India is among the few countries of the world that have had a female president as well as a prime minister elected by the people. When women of India can lead the largest democracy in the world, holding the topmost offices of the country, what stops them from building and leading great organizations?
There’s a persistent, palpable undercurrent to the notion that success in business is harder for women than men. Personally, I have never understood why a differentiator exists. Is there really an issue or are we first creating an issue and then trying to address it?
Among entrepreneurs in India, women make up roughly 20% of the total. And these women have created admirable organizations built on sound business models. In my view, once you become an entrepreneur, the challenges and opportunities are the same for everyone. I don’t think there’s any woman entrepreneur who has failed singularly because she is a woman.
Initially, women, just like men, sit on the fence for a while before making the decision to take the leap. Yes, women have more factors to consider while making a choice but, in the end fewer women make the choice and that needs to be addressed.
“(There’s) no such thing as work-life balance. It’s all about prioritizing—you give up certain things in life to make space for others—so yes, women entrepreneurs give up a lot more to be successful than men do," says Radhika Aggarwal, founder of ShopClues, an online marketplace, explaining why women tend not to jump off the fence when it comes to setting up a venture.
If fewer women are taking up the entrepreneurial journey, it’s not because the environment itself is non-conducive. There are other factors at play too.
One of them is self-generated perception and the trap of self-doubt.
“What if I don’t make it?"
“Will an investor support me even though I am a woman?"
Another is, a lot of concern is directed at “What will I do in my downtime?" The fallacy here is that you are already starting with a presumption that there will be a downtime or a time when you will be doing nothing.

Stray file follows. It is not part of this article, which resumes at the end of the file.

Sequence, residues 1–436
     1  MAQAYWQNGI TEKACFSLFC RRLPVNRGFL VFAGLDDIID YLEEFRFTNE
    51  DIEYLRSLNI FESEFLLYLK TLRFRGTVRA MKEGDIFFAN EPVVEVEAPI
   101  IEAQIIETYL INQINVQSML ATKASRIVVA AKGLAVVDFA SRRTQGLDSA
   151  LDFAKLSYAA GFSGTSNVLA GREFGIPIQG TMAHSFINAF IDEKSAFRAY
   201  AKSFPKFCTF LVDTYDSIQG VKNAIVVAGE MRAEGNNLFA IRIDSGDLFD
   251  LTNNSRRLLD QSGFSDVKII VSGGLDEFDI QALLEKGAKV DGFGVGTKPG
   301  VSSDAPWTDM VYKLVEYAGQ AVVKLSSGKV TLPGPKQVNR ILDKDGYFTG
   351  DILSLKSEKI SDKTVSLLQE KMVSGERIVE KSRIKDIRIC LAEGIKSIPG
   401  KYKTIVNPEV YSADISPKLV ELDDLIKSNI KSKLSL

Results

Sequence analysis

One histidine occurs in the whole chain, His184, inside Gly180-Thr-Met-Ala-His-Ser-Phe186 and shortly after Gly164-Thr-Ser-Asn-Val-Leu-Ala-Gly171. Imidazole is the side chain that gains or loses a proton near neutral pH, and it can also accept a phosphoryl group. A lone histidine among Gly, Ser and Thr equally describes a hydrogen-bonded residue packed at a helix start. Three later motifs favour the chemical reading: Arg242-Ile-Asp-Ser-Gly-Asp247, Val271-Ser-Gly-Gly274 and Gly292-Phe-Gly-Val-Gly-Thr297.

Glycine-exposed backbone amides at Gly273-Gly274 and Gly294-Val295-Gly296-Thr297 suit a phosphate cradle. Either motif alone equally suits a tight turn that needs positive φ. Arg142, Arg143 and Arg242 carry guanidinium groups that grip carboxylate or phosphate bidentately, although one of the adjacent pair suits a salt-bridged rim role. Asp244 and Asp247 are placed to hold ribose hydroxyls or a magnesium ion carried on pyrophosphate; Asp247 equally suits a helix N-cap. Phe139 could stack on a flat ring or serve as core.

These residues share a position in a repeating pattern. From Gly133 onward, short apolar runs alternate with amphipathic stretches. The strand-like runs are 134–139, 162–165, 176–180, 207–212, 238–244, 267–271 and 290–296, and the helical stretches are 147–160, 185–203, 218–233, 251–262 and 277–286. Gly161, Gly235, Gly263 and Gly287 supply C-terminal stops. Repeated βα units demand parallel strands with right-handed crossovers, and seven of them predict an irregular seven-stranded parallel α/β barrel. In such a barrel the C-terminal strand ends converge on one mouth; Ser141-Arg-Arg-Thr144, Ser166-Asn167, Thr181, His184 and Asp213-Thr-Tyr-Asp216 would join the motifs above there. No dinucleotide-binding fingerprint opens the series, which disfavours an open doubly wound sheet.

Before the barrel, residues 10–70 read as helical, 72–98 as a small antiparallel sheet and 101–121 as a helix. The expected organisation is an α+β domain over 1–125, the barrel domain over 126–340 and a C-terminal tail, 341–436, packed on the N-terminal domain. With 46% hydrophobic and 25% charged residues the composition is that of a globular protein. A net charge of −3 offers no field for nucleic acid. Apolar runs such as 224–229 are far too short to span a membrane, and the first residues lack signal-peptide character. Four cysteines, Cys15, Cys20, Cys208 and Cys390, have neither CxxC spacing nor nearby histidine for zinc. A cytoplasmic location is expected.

Women need to be liberated from these perceptions more than anything else. They need to stop believing that they’re starting with a disadvantage. I say this with conviction because if 20% women can make it, 50% can do it too. The ones who succeeded too had their own challenges and their own struggles. But they made a choice and stuck with it.
If you have the right vision, then being a woman means you have a higher probability of success than men and a better chance at building a great organization. Women have a much better sense of balance and higher levels of maturity than men. For the longest period of their lives, women ace the balancing act and play multiple roles with great flair and agility. For me, that’s a great advantage to begin with.
“Entrepreneurs need a hide like a rhino but a heart of gold. Additionally, entrepreneurs need resilience and belief that borders on insanity," says Kunal Bahl, founder of Snapdeal, an e-commerce site.
Your belief and self-confidence must surpass your circumstances at all times. Also, the best ideas and solutions come during your downtime. It’s only when you’re not actively tackling operational issues, your creative abilities get into action and help you see the larger picture.
Between a woman who comes home and plays with her five-year-old and a man who is sitting in his office looking for a solution, the woman is likelier to come back with a faster, smarter solution than the man. And because women can so effortlessly move from one frame of mind to another, they have the upper hand in problem-solving.
There is so much in that cup that seems half full.
To every woman who is sitting on the fence right now, I’d say that if entrepreneurship is your calling, decide to be one. Be convinced that a level playing field awaits you and disregard any beliefs or rules that state otherwise. There’s no glass ceiling unless you think there is one.
Entrepreneur 4.0 is a column where successful Indian entrepreneurs discuss various aspects of startups.
Ronnie Screwvala is a first generation entrepreneur and chairman and co-founder of upGrad, an online educational platform.